Time to Turn Aspiration into Action for Vulnerable Children in 2017

03 Jan 2017 in Press Releases, Advocacy, Featured

Demand for Barnardos’ services increased again in 2016, the organisation revealed today. According to preliminary figures, the children’s charity supported more than 12,304 children and families in the first nine months of 2016 compared with 11,718 the first nine months in 2015.

Fergus Finlay, CEO, Barnardos, said, “Every year Barnardos works with hundreds of families facing all manner of challenges and we worked with more families and children than ever in 2016. Among the top needs of the children with whom Barnardos worked in 2016 were support for improving family relationships, their own social-emotional development and for enhancing their health and education. It is clear to us the economic recovery isn’t being felt by all as we are supporting parents who are under huge strain to meet the needs of their children because of the absence of appropriate quality public services.

“We are a third of the way into the Government’s flagship policy framework for young people, Better Outcomes, Brighter Futures 2014-2020 but its impact is not being felt. In fact its intention to lift 70,000 children out of poverty by 2020 has had to be altered upwards to 96,000 in light of the greater number of children living in consistent poverty. 

June Tinsley, Head of Advocacy, Barnardos, said, “This framework rightly acknowledges the holistic nature of children’s lives and has many laudable recommendations spanning the different areas of children’s lives. For instance it pledges to improving support for families, something Barnardos sees from its work as an absolute priority. Intelligent investment in this area would reap huge benefits for countless families, as well as proving cost-effective, as it would negate the need for crisis intervention at a later stage.

“It is a challenging time for thousands of families in Ireland today. While we were encouraged by some steps taken in Budget 2017 to deliver affordable childcare for all, with a focus on low income families, many children’s public services are under-resourced or absent. It is crucial that 2017 sees quicker implementation of the varied recommendations of the Government’s own framework so that children can achieve Better Outcomes and experience Brighter Futures.”


Note to Editors

This is just one example of the struggles a family faces. Barnardos worked with Mark and Niamh during 2016. They told us about their experiences and gave some insight into potential solutions:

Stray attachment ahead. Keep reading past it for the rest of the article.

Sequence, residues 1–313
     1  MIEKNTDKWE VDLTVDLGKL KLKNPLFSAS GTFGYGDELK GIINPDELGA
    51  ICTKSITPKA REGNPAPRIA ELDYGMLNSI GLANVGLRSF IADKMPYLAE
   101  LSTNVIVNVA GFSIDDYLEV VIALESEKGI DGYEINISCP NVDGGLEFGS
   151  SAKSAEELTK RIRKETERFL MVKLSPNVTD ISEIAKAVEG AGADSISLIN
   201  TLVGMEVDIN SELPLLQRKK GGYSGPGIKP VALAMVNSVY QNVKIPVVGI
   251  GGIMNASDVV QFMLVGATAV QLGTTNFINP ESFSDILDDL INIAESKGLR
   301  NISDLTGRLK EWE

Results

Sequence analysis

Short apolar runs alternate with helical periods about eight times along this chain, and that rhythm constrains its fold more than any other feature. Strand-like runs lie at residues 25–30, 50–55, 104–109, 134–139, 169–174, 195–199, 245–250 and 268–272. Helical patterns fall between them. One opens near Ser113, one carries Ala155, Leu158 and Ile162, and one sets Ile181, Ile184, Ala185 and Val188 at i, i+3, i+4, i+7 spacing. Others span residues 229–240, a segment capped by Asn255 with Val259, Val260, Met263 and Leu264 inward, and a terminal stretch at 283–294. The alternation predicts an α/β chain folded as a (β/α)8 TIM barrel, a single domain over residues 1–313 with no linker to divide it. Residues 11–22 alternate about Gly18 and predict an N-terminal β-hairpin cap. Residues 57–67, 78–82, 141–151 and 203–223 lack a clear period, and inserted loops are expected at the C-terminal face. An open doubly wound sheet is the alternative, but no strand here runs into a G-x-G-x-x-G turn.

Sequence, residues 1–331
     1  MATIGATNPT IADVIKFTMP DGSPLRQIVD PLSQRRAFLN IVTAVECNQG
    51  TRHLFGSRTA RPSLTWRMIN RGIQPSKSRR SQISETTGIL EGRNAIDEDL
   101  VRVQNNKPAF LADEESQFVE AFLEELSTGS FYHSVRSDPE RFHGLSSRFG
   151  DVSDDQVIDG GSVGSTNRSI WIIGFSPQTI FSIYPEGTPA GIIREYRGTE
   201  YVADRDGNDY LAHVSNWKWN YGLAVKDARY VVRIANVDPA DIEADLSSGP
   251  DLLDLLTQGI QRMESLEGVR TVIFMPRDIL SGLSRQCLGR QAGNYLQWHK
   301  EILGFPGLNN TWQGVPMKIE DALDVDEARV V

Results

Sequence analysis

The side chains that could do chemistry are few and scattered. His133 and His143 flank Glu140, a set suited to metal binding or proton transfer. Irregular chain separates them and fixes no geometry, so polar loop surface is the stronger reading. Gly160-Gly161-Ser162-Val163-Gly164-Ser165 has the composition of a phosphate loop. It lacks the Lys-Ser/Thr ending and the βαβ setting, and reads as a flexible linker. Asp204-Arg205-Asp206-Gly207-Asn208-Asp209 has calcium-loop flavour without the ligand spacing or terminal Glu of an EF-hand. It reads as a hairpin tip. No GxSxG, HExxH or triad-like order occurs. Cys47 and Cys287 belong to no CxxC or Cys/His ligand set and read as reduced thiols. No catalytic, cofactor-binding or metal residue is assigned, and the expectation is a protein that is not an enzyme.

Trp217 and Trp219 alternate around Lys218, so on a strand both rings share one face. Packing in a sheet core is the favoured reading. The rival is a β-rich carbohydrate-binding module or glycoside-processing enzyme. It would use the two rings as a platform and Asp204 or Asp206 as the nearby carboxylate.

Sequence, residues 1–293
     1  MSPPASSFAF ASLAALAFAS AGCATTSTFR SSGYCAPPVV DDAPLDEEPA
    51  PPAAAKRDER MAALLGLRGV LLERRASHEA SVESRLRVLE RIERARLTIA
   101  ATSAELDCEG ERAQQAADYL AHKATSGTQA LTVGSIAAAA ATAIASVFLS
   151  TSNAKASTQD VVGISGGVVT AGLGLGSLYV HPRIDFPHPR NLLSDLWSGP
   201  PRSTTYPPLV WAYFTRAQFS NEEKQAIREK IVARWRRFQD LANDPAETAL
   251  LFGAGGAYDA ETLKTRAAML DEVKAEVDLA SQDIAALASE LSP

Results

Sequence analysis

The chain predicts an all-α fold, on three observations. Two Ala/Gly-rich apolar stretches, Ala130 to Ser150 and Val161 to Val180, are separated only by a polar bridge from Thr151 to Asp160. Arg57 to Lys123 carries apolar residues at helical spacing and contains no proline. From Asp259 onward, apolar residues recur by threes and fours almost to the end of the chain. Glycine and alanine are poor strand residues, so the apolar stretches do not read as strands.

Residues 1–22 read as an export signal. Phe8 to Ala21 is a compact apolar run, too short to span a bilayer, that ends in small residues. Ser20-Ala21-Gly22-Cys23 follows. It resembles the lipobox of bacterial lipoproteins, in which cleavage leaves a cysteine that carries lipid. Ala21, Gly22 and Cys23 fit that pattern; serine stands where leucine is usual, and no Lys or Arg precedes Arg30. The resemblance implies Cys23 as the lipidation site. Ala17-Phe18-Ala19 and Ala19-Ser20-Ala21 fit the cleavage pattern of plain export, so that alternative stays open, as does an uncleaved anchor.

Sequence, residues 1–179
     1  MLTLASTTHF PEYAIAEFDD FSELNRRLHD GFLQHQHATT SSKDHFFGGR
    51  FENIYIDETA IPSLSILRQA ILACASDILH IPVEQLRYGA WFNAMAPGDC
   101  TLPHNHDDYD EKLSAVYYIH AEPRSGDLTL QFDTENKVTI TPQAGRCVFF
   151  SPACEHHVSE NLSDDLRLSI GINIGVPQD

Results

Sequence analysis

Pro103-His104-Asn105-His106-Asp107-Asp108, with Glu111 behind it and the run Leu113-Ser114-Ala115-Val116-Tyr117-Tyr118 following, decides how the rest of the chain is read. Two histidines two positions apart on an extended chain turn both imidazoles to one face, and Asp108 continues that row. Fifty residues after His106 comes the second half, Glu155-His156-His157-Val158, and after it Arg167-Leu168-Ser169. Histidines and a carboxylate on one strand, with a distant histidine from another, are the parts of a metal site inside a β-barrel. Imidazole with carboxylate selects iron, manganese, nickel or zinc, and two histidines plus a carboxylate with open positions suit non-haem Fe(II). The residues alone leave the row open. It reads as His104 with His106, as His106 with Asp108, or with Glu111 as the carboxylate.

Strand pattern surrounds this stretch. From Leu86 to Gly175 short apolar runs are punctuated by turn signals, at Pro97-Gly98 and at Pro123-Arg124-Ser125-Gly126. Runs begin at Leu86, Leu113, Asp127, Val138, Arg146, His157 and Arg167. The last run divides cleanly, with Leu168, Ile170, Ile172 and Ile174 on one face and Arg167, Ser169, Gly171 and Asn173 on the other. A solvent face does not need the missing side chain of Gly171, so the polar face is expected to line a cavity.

“There’s nine of us in the house plus a baby in a three bedroom house but the corporation told us we’d be years waiting for less overcrowded accommodation.

“All the housing lost in the banking crisis- think of what that could do for all the people becoming homeless.”


“Free education is a must-education is meant to be free and it’s not that way at all. It’s costing us €2,000 to send our kids back to school. Kids are sent back to school without school books because the parents don’t have the money. The kids are getting embarrassed and it’s turning them off going to school.

“We have six kids going to school. The eldest is in fifth year and his books are €400. He was afraid to go to school today because he hadn’t got his school books because we can’t afford them. We just haven’t got the money at the moment. If he gets turned off school he’ll get turned off work because it’s a bad experience for him.

“(Not being able to afford school books)… not only embarrasses the kids but also the parents.

“We’ve two kids in secondary and their books are €350 each. I went to principal and said at the moment I can’t pay for the books. They wanted me to pay €70 per week. I haven’t got €70 per week. I said I’d pay €20 per week. They agreed but said the kids can’t have the books until the money is paid. They give them sheet work until their books are paid for. They said it’s all down to the Government.

Early Intervention

“You have to catch kids at an early age. Our child was diagnosed at an early age but our niece was 14 by the time they diagnosed her and she wouldn’t go back to school. I was diagnosed as an adult just recently. School failed me, the teacher never taught me. The school system is still letting an awful lot of people down.

“If they catch a kid early and they get him into employment then they’re not spending big money to keep him in prison when he’s 17 or 18. It’s a revolving door. It doesn’t just start at 17 or 18 it starts much earlier.”


“We need free childcare. Get everyone out doing something. It would be good for their health and their mental health instead of sitting round the house.

“We need more childcare to get mothers out and fathers too.”